Wednesday, March 30, 2005

The Hermit Thrush is not generally thought of as a backyard bird. It IS known (by birders) to be a very gifted singer, but one must go to the higher mountain forests to hear the song. I've been blessed to have this bird hanging out in my backyard for the past several weeks. No, it's not singing, but I know that it is carrying that song somewhere within its...heart, maybe? And in a few months I'll be standing in a lofty green cathedral somewhere, and that song will be stirring up echoes in my heart. As Annie Dillard would say, "The least I can do is try to be there."

The song of the Hermit Thrush can be heard here:

Saturday, March 26, 2005

Another critter caught at the office. This one doesn't fly, unless you count fast motion from place to place as flying. I knew it was a jumping spider, but my friend Bruce knows spiders very well. According to him the actual name is Daring Jumping Spider, which it certainly was when it went over the edge of my secondfloor windowsill.

Wednesday, March 23, 2005

I don't know the bugs very well, but this one showed up on my boss's desk a few days ago, so I rescued it. After searching on the internet I am fairly certain it is a Western Conifer Seed Bug, but I can't be certain. Guess I'll have to buy another book.

Tuesday, March 22, 2005

The immature Sandhill Crane was still in Wortman Park today. It appeared to be sleeping (nodding off, in fact) when I first saw it, making me think it might not be well. When I approached to within 20 ft. it became alert, but I did not force it to move. It did not even put down the other foot. It appears to be getting more bulky in the body, but not much taller than it was in December.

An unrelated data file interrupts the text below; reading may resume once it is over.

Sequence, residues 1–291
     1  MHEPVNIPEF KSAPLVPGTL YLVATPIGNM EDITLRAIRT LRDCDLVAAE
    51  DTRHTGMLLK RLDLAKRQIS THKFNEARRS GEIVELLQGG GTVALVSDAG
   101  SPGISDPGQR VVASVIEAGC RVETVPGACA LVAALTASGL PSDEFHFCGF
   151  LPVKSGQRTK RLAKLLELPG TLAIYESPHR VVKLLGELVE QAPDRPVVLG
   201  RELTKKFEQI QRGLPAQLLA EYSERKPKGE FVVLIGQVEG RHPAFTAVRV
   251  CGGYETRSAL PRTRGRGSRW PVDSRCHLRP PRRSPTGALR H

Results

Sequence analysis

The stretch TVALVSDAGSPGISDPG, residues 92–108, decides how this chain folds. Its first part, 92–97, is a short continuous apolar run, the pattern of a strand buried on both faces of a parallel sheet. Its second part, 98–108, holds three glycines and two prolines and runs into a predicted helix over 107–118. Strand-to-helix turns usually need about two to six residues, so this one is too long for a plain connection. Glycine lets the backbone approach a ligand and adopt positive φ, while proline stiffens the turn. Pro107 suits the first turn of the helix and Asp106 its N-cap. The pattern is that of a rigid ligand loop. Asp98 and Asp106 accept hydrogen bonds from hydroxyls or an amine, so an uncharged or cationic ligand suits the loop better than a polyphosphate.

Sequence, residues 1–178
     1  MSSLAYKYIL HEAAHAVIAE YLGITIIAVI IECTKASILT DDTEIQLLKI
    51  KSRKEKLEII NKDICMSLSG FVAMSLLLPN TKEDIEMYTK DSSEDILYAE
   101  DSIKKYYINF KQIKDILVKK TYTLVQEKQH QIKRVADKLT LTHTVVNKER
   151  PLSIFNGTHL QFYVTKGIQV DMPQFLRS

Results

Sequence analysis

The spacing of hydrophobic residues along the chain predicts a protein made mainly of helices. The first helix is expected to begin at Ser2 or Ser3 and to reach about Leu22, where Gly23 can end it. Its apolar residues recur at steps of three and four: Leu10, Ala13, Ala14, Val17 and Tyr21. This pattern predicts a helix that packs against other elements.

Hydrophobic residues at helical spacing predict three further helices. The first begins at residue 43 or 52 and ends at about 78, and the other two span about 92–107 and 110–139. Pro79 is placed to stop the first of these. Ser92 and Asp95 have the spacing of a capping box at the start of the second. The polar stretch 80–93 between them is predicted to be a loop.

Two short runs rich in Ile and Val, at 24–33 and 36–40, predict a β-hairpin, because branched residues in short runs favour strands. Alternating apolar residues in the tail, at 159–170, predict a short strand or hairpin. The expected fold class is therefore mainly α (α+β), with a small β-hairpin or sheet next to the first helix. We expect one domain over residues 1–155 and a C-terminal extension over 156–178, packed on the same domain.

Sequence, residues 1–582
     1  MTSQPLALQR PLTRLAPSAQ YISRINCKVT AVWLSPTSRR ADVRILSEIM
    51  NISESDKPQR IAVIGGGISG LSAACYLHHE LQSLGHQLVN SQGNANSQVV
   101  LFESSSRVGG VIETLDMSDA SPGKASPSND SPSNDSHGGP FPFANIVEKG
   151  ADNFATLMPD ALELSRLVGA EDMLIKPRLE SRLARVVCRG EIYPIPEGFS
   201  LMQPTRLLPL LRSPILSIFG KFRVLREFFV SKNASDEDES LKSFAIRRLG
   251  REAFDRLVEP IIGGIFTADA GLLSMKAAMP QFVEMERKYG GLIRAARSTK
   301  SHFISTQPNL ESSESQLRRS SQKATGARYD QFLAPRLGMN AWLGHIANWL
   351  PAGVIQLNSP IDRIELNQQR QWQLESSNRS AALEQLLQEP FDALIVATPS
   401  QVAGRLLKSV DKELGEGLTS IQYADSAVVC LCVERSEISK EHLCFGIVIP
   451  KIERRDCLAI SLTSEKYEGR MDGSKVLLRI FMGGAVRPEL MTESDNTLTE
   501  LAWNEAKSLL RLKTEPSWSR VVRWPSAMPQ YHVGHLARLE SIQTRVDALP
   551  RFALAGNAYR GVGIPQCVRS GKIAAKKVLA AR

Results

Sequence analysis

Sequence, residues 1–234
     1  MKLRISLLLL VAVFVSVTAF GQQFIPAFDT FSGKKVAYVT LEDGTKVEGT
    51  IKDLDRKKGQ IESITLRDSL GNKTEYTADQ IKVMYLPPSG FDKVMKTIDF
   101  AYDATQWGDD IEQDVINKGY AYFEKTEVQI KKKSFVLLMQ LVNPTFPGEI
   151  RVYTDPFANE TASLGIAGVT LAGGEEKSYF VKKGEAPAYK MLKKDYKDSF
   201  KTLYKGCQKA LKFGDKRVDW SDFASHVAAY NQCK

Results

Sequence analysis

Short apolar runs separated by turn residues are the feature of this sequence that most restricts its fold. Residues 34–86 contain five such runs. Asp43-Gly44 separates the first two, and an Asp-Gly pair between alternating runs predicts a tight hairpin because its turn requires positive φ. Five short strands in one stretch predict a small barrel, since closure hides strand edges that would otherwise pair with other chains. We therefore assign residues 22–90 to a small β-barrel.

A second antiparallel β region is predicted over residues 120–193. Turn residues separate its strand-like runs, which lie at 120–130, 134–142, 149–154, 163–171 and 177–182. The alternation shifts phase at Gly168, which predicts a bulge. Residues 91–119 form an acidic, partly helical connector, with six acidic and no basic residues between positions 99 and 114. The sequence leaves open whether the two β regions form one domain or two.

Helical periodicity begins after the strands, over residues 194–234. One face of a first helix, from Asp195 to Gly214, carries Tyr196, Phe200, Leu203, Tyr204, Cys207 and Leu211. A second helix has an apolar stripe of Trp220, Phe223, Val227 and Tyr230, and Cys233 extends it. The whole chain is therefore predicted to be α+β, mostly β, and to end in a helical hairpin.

Saturday, March 19, 2005

Singing in the rain. This Spotted Towhee hasn't had many opportunities to do that this winter, but today he seemed delighted with the recent change in the weather, as all true Oregonians are.

Thursday, March 17, 2005

Turkey Vultures are not usually thought of as a sign of spring, but in Oregon they work as well as daffodils and pussywillows. As of about a week ago they've been showing up in Yamhill Co., ready to help the road crews keep our highways neat and clean.

Friday, March 04, 2005

This moss, known as Orthotrichum consimile, grows on a Vine Maple tree outside my window. Last winter, and now again this winter, I've noticed a Dark-eyed Junco picking something off of these moss clumps, rolling it around in its bill like a seed, and apparently swallowing it. The bird does not appear to be finding seeds hidden in the moss, but rather to be eating part of the moss itself. The mystery is -- what part? I wonder if any other observers have noticed birds doing this, and if perhaps they can tell me what the food item is. Maybe the spore cases?